If you’re really struggling to do a poo, there’s a reflex point you can stimulate that may make having a poo easier (Abbott et al 2015). Massage the area between your vagina and back passage (perineum) while trying to have a poo.
Practice daily pelvic floor exercises
Having a strong pelvic floor is likely to help (Guts UK nd) ease and prevent constipation, so try to do your pelvic floor exercises daily.
If your pelvic floor is weak when you strain to do a poo, your bowel may bulge down, making pooing more difficult (Guts UK 2021).
Gentle exercise such as walking, swimming, cycling on a stationary bike, yoga and Pilates may help, (NHS 2020b, NICE 2022) as well as making you feel fitter and healthier.
Work out what helps you most
Everybody’s digestive system is different, so experiment. You may find that certain things work well to help you poo more easily. You may, for example, find that eating dairy produce or drinking grape juice helps more than eating lots of high-fibre foods.
Consider your iron supplement
If you’re taking a vitamin supplement containing iron, ask your midwife or doctor if you can manage without it, or switch to a different type (HSE 2019). Unless you've been diagnosed with anaemia, you shouldn’t need iron supplements (NHS 2021a).
If you are taking iron supplements for anaemia, and you’re experiencing constipation, talk to your midwife or doctor. They may suggest you take the iron supplements every other day instead of every day (NICE 2021).
What medications can I take to ease constipation in pregnancy?
It’s always better to ease constipation without taking a medicine. But if changes to your diet and lifestyle aren’t helping, speak to your midwife or doctor before taking over-the-counter laxatives.
Your doctor or midwife may prescribe a laxative that’s safe to use in pregnancy (NHS 2019, NICE 2022). They may suggest you try the following for a short time:
- Fybogel (also known as ispaghula husk) is a bulk-forming laxative, which works by increasing the weight of poo, in turn stimulating your bowel. This is a high-fibre drink that you take morning and evening after you've eaten. It takes two or three days to work. If you take this laxative, it’s essential to drink plenty of fluids (NHS 2022b, NICE 2022).
- Lactulose is an osmotic laxative, which draws water from the rest of your body into your bowel to soften your poo. It takes about two to three days to work (NHS 2022b).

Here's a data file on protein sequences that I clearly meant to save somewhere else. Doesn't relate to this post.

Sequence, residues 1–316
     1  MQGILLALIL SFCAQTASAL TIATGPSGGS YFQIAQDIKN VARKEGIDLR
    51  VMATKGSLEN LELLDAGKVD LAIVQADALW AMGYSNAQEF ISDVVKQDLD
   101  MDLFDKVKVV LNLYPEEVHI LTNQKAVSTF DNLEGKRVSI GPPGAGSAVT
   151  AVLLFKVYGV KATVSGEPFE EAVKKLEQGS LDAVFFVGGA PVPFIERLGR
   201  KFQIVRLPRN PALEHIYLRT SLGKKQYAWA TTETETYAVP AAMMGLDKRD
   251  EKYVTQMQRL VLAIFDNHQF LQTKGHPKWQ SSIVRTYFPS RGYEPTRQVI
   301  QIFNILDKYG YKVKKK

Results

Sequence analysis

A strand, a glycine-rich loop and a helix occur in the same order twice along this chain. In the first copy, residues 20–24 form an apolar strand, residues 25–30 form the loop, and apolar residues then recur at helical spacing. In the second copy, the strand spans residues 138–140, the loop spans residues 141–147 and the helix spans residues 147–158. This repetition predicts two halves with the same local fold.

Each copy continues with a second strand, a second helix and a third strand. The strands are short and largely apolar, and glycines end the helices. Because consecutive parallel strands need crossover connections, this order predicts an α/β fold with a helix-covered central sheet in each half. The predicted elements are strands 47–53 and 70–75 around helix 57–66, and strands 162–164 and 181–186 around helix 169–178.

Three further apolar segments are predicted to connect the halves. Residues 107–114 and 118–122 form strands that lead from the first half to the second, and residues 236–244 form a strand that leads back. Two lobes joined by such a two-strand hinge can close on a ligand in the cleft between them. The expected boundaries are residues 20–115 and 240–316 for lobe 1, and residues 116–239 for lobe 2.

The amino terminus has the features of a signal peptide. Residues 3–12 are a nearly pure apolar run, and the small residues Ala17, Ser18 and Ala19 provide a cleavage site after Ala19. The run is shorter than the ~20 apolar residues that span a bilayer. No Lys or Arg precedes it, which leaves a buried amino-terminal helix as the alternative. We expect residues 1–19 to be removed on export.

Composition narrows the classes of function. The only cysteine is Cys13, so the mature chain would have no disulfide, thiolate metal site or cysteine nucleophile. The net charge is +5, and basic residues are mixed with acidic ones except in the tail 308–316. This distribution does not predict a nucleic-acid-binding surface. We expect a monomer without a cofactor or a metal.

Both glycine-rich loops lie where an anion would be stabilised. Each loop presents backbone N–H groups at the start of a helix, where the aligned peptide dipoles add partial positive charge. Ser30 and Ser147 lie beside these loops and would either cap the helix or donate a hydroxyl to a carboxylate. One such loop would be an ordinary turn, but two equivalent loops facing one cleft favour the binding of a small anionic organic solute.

- Glycerol (also called glycerin) suppositories, a type of medicine you place in your bottom. They are generally used for more severe constipation, to lubricate and stimulate your bowel. They take about 15 to 20 minutes to work (UKTIS 2018).
Constipation during pregnancy
See tips for easing constipation, which is especially common in late pregnancyMore pregnancy videos
Is constipation in pregnancy ever serious?
You’ll probably find constipation more of an inconvenience than a major problem. But if it persists, mention it to your doctor or midwife. Sometimes, constipation can lead to other problems, including the following:
- Piles (also called haemorrhoids) are enlarged or swollen veins in or around the rectum and opening of your bottom. Piles can be sore, itchy and uncomfortable. You may also experience bleeding when you poo (NHS 2022c).
- An anal fissure (also known as an anal tear) is a small tear or open sore in the skin around the anus. A fissure is usually caused by constipation, after a large or hard poo tears the lining of the anal canal. They can feel especially painful when you have a poo, followed by a burning pain up to a few hours after. You may notice bleeding when you wipe your bottom or in your poo (NHS 2021b).
The symptoms of piles and anal fissures can be relieved with creams and ointments. Ask your pharmacist, midwife or doctor for a treatment that is safe to use in pregnancy (NHS 2018b, NHS 2021b).
Piles will usually shrink and get better after giving birth (NHS Inform 2021, NHS 2020c). If piles are bothering you for longer than that, see your doctor. There’s no need to put up with them, or feel embarrassed about getting help.
Most anal fissures heal themselves within a few weeks, but continued problems with constipation can affect healing time and make it more likely to recur (NHS 2021b).
It can feel awkward talking about your bowel habits, but remember that a health professional is there to help and support you. If you have bleeding or pain around your bottom, always speak to your doctor or midwife.
More on constipation in pregnancy and after birth:
- Natural remedies for constipation
- Constipation after having a baby
- Rectal bleeding in pregnancy